The siege was lifted on 16 May 1900. Baden-Powell was promoted to major-general, and became a national hero. However, the British military commanders were more critical of his performance and even less impressed with his subsequent choices to again allow himself be besieged. Ultimately, his failure to properly scout the situation and abandonment of the soldiers, mostly Australians and Rhodesians, at the Battle of Elands River led to his being removed from action.
Briefly back in the United Kingdom in October 1901, Baden-Powell was invited to visit King Edward VII at Balmoral, the monarch's Scottish retreat, and personally invested as Companion of the Order of the Bath (CB). The Order of the Bath is the fourth-most senior of the British Orders of Chivalry.
Baden-Powell was further sidelined from active command and given the role of organising the South African Constabulary, a colonial police force. He returned to England to take up a post as Inspector-General of Cavalry in 1903. While holding this position, Baden-Powell was instrumental in reforming reconnaissance training in British cavalry, giving the force an important advantage in scouting ability over continental rivals. In 1907 he was promoted to lieutenant-general but left on the inactive list. Eventually he was appointed to the lowly command of the Northumbrian Division of the newly formed Territorial Force.
In 1910, after being rebuked for a series of publicity gaffes, one suggesting invasion by Germany, Baden-Powell retired from the Army. Baden-Powell later claimed he was advised by King Edward VII that he could better serve his country by promoting Scouting.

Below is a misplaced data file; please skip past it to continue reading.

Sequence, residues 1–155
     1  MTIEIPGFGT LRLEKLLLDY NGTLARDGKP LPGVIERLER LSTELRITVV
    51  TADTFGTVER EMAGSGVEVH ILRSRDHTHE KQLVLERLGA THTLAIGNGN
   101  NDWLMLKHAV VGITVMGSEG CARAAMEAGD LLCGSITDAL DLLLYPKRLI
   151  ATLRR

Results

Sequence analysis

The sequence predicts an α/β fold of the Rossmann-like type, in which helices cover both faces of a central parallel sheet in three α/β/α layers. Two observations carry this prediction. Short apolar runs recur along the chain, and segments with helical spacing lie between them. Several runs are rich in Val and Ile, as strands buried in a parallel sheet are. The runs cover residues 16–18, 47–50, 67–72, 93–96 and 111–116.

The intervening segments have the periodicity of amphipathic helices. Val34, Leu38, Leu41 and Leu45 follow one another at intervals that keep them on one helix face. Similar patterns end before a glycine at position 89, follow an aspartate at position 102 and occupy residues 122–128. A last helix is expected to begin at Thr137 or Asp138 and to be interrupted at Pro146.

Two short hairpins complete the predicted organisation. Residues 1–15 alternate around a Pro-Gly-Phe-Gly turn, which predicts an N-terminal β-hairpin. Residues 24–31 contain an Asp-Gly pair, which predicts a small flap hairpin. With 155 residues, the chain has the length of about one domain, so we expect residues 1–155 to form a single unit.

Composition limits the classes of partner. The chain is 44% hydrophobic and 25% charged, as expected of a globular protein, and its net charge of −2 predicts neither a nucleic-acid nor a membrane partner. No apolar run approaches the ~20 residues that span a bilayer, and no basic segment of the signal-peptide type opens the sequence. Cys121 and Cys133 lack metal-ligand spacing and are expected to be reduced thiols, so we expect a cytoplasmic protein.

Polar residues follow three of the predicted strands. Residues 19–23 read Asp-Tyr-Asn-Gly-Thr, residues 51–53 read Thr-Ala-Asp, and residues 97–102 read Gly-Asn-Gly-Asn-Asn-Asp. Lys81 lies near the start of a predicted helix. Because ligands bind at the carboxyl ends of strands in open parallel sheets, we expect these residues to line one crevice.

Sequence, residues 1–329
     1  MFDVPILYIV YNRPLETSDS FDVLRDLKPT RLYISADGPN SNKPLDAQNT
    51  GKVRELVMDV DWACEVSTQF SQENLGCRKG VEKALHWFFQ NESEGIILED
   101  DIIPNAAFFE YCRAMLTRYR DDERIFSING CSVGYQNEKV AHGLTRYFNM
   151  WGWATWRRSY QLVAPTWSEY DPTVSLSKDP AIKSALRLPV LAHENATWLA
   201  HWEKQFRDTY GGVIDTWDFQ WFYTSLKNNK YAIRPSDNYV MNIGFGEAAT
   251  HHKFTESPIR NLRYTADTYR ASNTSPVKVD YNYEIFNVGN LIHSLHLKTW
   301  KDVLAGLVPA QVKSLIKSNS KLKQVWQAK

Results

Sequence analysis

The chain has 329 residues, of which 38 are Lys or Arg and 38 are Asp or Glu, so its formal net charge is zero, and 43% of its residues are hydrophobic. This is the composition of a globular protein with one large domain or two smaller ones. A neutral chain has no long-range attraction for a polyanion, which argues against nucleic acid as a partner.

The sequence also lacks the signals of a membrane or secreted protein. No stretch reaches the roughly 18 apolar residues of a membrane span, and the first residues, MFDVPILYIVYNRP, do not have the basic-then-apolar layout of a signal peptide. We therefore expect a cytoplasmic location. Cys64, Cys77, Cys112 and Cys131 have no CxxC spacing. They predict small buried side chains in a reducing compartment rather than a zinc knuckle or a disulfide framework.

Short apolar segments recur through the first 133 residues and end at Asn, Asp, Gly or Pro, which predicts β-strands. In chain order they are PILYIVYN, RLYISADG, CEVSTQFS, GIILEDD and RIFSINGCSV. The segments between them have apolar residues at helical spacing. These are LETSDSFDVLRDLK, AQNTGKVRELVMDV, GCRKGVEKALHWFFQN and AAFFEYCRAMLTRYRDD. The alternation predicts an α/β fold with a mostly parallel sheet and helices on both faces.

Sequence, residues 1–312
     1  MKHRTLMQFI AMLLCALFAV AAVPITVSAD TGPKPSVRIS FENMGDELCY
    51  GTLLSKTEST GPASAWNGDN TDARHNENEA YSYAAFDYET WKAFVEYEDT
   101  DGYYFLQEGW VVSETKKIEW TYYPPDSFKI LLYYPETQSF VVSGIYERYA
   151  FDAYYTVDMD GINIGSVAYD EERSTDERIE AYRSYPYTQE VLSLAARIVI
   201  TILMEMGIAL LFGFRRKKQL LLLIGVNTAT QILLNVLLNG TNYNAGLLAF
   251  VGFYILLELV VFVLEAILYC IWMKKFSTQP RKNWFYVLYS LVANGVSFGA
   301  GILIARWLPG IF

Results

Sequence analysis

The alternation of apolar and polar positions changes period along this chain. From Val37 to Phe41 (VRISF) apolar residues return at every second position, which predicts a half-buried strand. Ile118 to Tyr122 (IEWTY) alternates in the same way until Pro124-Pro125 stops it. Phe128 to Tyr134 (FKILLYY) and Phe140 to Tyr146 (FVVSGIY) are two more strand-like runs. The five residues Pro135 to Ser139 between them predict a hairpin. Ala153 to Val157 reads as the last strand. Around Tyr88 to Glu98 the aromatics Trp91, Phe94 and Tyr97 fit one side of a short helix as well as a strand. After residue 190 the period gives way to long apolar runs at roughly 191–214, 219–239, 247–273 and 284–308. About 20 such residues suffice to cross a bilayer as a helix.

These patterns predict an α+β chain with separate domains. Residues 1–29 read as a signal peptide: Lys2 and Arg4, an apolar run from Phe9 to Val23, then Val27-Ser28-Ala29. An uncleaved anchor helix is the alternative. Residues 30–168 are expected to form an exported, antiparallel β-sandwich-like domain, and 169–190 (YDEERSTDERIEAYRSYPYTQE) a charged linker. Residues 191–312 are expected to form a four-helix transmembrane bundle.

On the outbreak of World War I in 1914, at the age of fifty-seven, Baden-Powell put himself at the disposal of the War Office. No command was given to him. It has been claimed that Lord Kitchener said: "he could lay his hand on several competent divisional generals but could find no one who could carry on the invaluable work of the Boy Scouts". It was rumoured that Baden-Powell was engaged in spying and Baden-Powell claimed that intelligence officers spread this myth.
On his return from Africa in 1903, Baden-Powell found that his military training manual, Aids to Scouting, had become a best-seller, and was being used by teachers and youth organisations. Following his involvement in the Boys' Brigade as Brigade Secretary and Officer in charge of its scouting section, with encouragement from his friend, William Alexander Smith, Baden-Powell decided to re-write Aids to Scouting to suit a youth readership. In August 1907 he held a camp on Brownsea Island to test out his ideas. About twenty boys attended: eight from local Boys' Brigade companies, and about twelve public school boys, mostly sons of his friends.
Baden-Powell was also influenced by Ernest Thompson Seton, who founded the Woodcraft Indians. Seton gave Baden-Powell a copy of his book The Birch Bark Roll of the Woodcraft Indians and they met in 1906. The first book on the Scout Movement, Baden-Powell's Scouting for Boys was published in six instalments in 1908, and has sold approximately 150 million copies as the fourth best-selling book of the 20th century.